Revolution of 1688. It was at that time that he
wrote his famous Two Treatises of
Government, which states, “Law is not to abolish or restrain, but
to preserve and enlarge freedom.”
–John Locke, Two Treatises of Government
Locke argues against the absolute rule of one person. He
stated that government should be based on natural law. This
law, said Locke, gave all people from their birth certain natural
rights. Among them were the [right to life, liberty and to own
property.] Locke believed that the purpose of government is to
protect these rights. All governments, he said, were based on
a social contract, or an agreement between rulers and the
people. If a ruler took away the people’s rights, the people had
the right to revolt and set up a new government.
ROLE: Teen living in a democracy
AUDIENCE: Teen living under a
FORMAT: Friendly letter
TOPIC: Tell your friend why living in a
democracy is better than living
in a dictatorship.
STANDARD 8.3.4: Understand how
the conflict between Thomas
Jefferson and Alexander Hamilton
resulted in the emergence of two
political parties (e.g. view of foreign
policy, Alien & Sedition Acts,
economic policy, National Bank,
funding and assumption of the
revolutionary debt.)
Like Hamilton and Jefferson, Congress and the nation at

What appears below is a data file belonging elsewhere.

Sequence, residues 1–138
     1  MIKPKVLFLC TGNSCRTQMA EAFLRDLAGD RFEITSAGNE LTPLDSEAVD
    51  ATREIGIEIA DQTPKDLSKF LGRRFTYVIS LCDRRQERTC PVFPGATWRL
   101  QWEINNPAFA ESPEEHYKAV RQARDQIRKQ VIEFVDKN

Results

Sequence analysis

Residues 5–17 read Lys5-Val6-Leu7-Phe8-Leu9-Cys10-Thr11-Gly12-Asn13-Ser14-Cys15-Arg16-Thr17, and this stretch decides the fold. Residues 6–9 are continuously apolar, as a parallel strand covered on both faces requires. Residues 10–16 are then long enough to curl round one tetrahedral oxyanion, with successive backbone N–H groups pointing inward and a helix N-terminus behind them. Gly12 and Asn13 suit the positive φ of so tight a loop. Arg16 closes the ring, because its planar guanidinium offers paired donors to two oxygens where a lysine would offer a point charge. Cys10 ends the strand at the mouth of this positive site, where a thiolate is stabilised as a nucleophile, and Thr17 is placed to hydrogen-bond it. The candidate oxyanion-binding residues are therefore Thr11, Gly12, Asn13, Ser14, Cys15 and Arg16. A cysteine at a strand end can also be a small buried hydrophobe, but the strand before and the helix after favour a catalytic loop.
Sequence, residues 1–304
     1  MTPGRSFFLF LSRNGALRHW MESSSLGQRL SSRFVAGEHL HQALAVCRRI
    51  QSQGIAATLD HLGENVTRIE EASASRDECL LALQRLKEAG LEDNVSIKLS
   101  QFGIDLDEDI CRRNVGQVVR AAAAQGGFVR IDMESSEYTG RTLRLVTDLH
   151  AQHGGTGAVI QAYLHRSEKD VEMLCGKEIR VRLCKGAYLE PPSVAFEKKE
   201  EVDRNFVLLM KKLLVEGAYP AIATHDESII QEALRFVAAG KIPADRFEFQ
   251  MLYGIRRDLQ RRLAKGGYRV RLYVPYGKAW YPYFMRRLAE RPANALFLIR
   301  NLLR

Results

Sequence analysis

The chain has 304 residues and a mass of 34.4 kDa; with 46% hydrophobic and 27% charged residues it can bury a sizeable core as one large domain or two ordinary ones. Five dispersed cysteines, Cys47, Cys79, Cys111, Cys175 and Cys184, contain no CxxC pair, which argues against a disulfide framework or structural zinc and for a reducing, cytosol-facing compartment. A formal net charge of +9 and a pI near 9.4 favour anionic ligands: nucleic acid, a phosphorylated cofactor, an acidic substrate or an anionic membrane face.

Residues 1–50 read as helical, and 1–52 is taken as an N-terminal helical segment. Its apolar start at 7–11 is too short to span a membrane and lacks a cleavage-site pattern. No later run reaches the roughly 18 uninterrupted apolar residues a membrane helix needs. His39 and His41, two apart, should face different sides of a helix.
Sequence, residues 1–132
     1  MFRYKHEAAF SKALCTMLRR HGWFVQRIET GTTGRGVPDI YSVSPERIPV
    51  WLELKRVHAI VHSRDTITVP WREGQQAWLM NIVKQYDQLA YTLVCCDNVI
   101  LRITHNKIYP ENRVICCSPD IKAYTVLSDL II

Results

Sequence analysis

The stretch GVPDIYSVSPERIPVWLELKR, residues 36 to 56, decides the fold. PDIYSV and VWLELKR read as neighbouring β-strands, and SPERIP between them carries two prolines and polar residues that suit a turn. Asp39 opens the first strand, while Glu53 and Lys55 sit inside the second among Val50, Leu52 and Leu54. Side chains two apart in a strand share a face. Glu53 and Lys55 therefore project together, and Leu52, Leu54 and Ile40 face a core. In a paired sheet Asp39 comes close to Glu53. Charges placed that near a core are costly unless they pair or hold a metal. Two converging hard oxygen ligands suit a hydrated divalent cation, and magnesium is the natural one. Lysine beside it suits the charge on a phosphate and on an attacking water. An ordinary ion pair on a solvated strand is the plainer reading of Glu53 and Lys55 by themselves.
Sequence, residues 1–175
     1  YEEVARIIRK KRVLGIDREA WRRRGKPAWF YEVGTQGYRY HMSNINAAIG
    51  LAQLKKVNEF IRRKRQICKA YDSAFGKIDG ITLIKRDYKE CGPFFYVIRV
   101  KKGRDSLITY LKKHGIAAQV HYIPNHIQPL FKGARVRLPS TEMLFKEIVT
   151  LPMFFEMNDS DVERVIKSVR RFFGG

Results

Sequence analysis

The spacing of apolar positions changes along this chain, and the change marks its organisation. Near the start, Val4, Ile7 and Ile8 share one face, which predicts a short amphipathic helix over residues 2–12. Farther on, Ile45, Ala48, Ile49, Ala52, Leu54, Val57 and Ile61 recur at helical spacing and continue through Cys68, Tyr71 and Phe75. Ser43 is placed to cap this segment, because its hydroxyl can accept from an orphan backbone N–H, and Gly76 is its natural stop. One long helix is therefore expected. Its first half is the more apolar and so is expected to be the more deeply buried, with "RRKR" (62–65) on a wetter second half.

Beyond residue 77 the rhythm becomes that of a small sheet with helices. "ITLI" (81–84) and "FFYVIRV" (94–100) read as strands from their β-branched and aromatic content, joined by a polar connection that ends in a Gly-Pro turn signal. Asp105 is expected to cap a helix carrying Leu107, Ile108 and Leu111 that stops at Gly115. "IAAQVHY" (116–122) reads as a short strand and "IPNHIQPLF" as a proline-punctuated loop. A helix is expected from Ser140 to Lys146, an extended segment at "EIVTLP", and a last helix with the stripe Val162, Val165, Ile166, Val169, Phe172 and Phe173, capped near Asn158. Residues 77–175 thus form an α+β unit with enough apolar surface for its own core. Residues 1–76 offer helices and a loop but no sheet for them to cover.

large also had differences. By the mid-1790’s, two distinct
political parties had taken shape. The name Federalist had
first described someone who supported and ratified the
Constitution. By the 1790’s, the word was applied to the
group of people who supported the policies of the
Washington administration.
The followers of Jefferson and Madison called their party the Republicans, or
the Democratic-Republicans. The Republicans wanted to limit government.
They feared that a strong government would endanger people’s
liberties…Republican policies appealed to farmers and urban workers,
especially in the Middle Atlantic states and the South.
One difference between Federalists and Republicans concerned the basis of
government power. In the [Federalist] view, the federal government had
implied powers, powers that were not directly stated in the Constitution.
Hamilton used the idea of implied powers to justify a national bank. He
argued that the Constitution gave Congress the power to issue money and
regulate trade, and a national bank would clearly help the government carry
out those responsibilities. Therefore, he believed that creating a bank was
within the constitutional power of Congress.
Jefferson and Madison, however, believed in a strict
interpretation of the Constitution. They accepted the idea of